Written by Connie Coppings
My apologies for being away from this blog for so long. The months have flown by quickly and spring is close at hand. We wait with anticipation for the warmer weather and the flowers to burst forth in color.
Just a week ago tornadoes left a path of mass destruction across the state in which I live. Lives were lost as well as homes, churches, and businesses destroyed. People stood in numbness staring at what they use to call home only moments before the storms swept through. What do you say and do for people whose lives have been thrown into utter chaos?
One of the first things a church group should do when responding to a crises like this is to find out what is really needed. When you have too many people trying to do the same thing (cook meals, bring in clothes, etc) it means that other needs go unmet. Work with the people who are in charge to help discern where your group might be needed and what specific supplies are in need.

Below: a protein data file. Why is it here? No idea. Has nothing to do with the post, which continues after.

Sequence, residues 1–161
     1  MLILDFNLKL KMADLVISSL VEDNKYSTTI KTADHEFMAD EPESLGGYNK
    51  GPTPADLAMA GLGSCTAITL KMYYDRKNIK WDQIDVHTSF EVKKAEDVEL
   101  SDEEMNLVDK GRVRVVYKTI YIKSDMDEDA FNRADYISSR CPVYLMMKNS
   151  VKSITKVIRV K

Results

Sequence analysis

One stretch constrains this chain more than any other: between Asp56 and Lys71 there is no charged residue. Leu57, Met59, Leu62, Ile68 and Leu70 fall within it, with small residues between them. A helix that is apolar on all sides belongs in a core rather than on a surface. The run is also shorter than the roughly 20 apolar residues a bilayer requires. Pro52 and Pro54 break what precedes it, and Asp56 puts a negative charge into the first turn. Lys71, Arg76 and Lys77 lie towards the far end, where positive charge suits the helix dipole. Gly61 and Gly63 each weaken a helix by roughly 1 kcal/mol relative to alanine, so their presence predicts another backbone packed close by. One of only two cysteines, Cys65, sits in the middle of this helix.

It has been heartwarming to hear of all the church groups that have responded in this time of need. Unfortunately, groups often arrive with their own way of doing things and discord can develop when large numbers of people try working together. Remember that we, the church, are not only there to help, but also to represent our Lord. This is where we are to be the hands and feet of Christ and put aside our human tendencies to work in order to boost our egos.
When going out to serve others in the midst of crises, remember to listen twice as much as you speak. Words of comfort and encouragement are beautiful gifts, but use them at appropriate times. Let someone talk about what they’ve been through can be one of the greatest gifts you can offer in a difficult time.
It is also easy for a church to say, “Well, there will be lots of people helping, so we don’t need to do anything.” Even if your church isn’t needed to come and work, you can be sure there are many other things they can do from afar. Collect items that are in need (flashlights, batteries,brooms, mops), offer to help shelter an animal until the owner can get back on their feet, maybe send Bibles, or books for children.
When a church works together to help others, it also brings them closer together as a congregation. God has called us to go into the world and we should respond with, “Here am I, send me.”
Heavenly Father, our hearts are broken as we hear of so many who have suffered because of these storms. Strengthen our hearts and bodies that we might go and serve You so that they might have hope. Amen